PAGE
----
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Strung Out in Edinburgh

By Hal Hinson
Washington Post Staff Writer
July 26, 1996

"Trainspotting," the controversial adaptation of Irvine Welsh's 1993 collection of stories about the Edinburgh drug scene, is a cocktail of scuzzy charm, nerve and despair that seduces and repulses in nearly equal proportions. It packs a jolt, all right. But it leaves you with a brutal hangover, too.

Essentially, "Trainspotting" is to "Braveheart" what "Lord of the Flies" was to "Swiss Family Robinson." Its grit and realism serve as a brash response to the romanticism of Hollywood's recent Scottish epics. Created by the Scottish team of screenwriter John Hodge, producer Andrew Macdonald and director Danny Boyle (they made "Shallow Grave"), the film is dark, rude and subversively funny, with a jagged energy that only partially disguises its corrosive, pessimistic worldview.

In this Scotland, the successors to hero William Wallace are anything but proud of their heritage. "I hate being Scottish," snarls Renton (Ewan McGregor), the movie's main narrator and guide. "We're the lowest of the [blanking] low, the scum of the earth, the most wretched, servile, miserable, pathetic trash that was ever [blanked] into civilization."

For Renton and his buddies, Sick Boy (Jonny Lee Miller), Spud (Ewen Bremner), Tommy (Kevin McKidd) and Begbie (Robert Carlyle), Edinburgh has nothing to offer. During a voice-over at the film's beginning, Renton chants: "Choose life. Choose a job. Choose a career." But in the movie's scheme of things, these are dead ends. Bored, disgusted and angry, the characters rebel in the only way they know how -- they choose junk.

"Trainspotting" is the most hyped, most celebrated non-studio film since "Pulp Fiction." Does it live up to its marketing? Of course not. (What could?) Boyle was too cool by half in his approach to "Shallow Grave" and he's too cool here as well. Ultimately, he doesn't get inside the addict's head the way author Welsh does; in fact, he doesn't even try.

Still, "Trainspotting" is an exhilarating original. The filmmakers streamlined Welsh's fragmented book into a more coherent narrative. In the film, Renton becomes the dominant figure, and he's the most distressing symbol of antiheroic nihilism since Malcolm McDowell starred in "A Clockwork Orange." Like all junkies, Renton is constantly in the process of getting off drugs or back on them. And the ritual of kicking and copping is what gives the movie its narrative spine.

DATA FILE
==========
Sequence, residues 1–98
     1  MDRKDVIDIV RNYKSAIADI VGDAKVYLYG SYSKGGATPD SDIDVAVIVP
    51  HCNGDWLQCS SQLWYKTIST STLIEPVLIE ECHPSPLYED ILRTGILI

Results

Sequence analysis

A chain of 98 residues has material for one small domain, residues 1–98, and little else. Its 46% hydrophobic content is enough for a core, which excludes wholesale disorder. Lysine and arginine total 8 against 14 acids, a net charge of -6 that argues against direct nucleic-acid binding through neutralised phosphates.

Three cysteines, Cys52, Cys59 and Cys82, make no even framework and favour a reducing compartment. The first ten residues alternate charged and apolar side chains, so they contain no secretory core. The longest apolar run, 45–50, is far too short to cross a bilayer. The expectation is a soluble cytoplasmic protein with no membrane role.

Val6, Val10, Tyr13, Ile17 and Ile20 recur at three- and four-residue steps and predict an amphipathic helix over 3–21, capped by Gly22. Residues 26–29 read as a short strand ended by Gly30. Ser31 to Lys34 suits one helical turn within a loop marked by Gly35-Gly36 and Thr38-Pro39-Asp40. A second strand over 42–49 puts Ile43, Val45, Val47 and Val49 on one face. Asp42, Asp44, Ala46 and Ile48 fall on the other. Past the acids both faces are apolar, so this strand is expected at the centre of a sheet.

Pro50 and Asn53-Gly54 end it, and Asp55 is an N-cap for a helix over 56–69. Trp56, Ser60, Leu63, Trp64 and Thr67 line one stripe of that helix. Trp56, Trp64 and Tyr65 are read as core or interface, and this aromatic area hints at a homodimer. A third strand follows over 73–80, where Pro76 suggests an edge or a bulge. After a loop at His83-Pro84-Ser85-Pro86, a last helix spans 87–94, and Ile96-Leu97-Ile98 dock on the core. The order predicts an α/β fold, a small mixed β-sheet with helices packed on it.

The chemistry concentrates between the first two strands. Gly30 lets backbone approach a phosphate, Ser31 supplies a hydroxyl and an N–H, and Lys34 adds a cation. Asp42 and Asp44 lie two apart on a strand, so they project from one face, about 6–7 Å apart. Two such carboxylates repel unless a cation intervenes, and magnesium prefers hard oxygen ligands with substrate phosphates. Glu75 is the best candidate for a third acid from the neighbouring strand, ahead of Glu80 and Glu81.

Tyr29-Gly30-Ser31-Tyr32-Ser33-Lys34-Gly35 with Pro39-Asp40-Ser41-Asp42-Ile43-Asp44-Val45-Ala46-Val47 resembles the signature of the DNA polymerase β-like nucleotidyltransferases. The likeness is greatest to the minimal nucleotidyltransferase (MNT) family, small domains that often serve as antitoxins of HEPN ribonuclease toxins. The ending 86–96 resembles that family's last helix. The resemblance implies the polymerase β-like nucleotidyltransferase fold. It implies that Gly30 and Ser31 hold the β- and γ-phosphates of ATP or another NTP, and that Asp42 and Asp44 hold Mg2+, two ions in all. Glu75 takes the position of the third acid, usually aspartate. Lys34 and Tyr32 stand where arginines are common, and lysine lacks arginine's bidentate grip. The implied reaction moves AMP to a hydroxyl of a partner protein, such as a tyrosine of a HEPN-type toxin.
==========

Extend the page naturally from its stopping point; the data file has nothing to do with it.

In one hilarious early scene, the stringy addict makes elaborate preparations to cleanse his body of its poisons, stocking up on canned soup, milk of magnesia and videos. Beside the bed, he carefully positions three buckets -- "one for urine, one for feces and one for vomitus." Surveying the scene, he pronounces himself ready. All he needs now is one last shot.

The rap on "Trainspotting" is that it glamorizes heroin use. But a film in which a infant dies of junkie indifference and the protagonist plunges into the swampy waters of a toilet bowl in search of lost opium suppositories could hardly be criticized for being soft on drugs. In truth, "Trainspotting" is no more tolerant of heroin than previous drug movies. The scenes in which Renton goes through withdrawal are, as usual, harrowing to watch.

What's different here is that the filmmakers have acknowledged the drug's powerful allure -- what Renton calls the pleasure of it.

The characters in "Trainspotting" are lively and charismatic; they're not your typical heroin zombies. Still, they're anything but heroes. Spud is the doofus of the group. Not too smart to begin with, he's been mainlining for so long he doesn't know his head from a soccer ball. Sick Boy, a Nick Rhodes look-alike obsessed with Sean Connery, is a pretty-boy opportunist. And, in the end, Renton is a double-crosser.

On the other hand, the group's ragged camaraderie and the profane vitality of their conversation draw us in. The actors who play them are spectacular, especially Bremner's addlebrained Spud and Carlyle's vicious Begbie. And as Renton, McGregor manages to convey the contradictions within this messed-up boy without robbing him of resilience and charisma.

In the end, the picture doesn't arrive at any grand conclusions about the scene it depicts, nor does it take a final moral stance on drugs. In that sense, the filmmakers remain true to Welsh's acid fatalism. Renton isn't a burnout yet, and he's been lucky enough so far to avoid AIDS. If his luck holds out, he may still be able to pull himself together.

Question is, for what?

Trainspotting is rated R for drug use, sex and language.

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